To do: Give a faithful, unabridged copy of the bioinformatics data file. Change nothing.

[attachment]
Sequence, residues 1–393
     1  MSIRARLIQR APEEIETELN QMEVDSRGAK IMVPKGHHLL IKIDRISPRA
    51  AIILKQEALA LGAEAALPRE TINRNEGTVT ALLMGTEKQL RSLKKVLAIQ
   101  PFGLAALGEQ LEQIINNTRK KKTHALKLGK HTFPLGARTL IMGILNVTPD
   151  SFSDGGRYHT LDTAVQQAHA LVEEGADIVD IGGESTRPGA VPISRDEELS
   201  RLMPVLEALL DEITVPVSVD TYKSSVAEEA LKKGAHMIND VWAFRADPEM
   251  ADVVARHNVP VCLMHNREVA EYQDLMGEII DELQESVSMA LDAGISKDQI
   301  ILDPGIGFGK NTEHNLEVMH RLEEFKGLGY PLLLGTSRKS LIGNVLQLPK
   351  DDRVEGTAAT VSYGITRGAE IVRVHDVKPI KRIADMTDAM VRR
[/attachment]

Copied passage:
Sequence, residues 1–393
     1  MSIRARLIQR APEEIETELN QMEVDSRGAK IMVPKGHHLL IKIDRISPRA
    51  AIILKQEALA LGAEAALPRE TINRNEGTVT ALLMGTEKQL RSLKKVLAIQ
   101  PFGLAALGEQ LEQIINNTRK KKTHALKLGK HTFPLGARTL IMGILNVTPD
   151  SFSDGGRYHT LDTAVQQAHA LVEEGADIVD IGGESTRPGA VPISRDEELS
   201  RLMPVLEALL DEITVPVSVD TYKSSVAEEA LKKGAHMIND VWAFRADPEM
   251  ADVVARHNVP VCLMHNREVA EYQDLMGEII DELQESVSMA LDAGISKDQI
   301  ILDPGIGFGK NTEHNLEVMH RLEEFKGLGY PLLLGTSRKS LIGNVLQLPK
   351  DDRVEGTAAT VSYGITRGAE IVRVHDVKPI KRIADMTDAM VRR